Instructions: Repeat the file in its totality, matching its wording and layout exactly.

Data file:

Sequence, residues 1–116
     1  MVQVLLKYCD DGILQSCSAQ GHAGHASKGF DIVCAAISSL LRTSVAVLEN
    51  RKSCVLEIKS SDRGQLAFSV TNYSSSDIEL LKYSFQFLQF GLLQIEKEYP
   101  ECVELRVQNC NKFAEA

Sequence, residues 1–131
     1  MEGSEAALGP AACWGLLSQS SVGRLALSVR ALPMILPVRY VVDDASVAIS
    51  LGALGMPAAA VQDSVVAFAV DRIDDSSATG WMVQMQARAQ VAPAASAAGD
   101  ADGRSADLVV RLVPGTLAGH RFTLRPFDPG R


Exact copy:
Sequence, residues 1–116
     1  MVQVLLKYCD DGILQSCSAQ GHAGHASKGF DIVCAAISSL LRTSVAVLEN
    51  RKSCVLEIKS SDRGQLAFSV TNYSSSDIEL LKYSFQFLQF GLLQIEKEYP
   101  ECVELRVQNC NKFAEA

Sequence, residues 1–131
     1  MEGSEAALGP AACWGLLSQS SVGRLALSVR ALPMILPVRY VVDDASVAIS
    51  LGALGMPAAA VQDSVVAFAV DRIDDSSATG WMVQMQARAQ VAPAASAAGD
   101  ADGRSADLVV RLVPGTLAGH RFTLRPFDPG R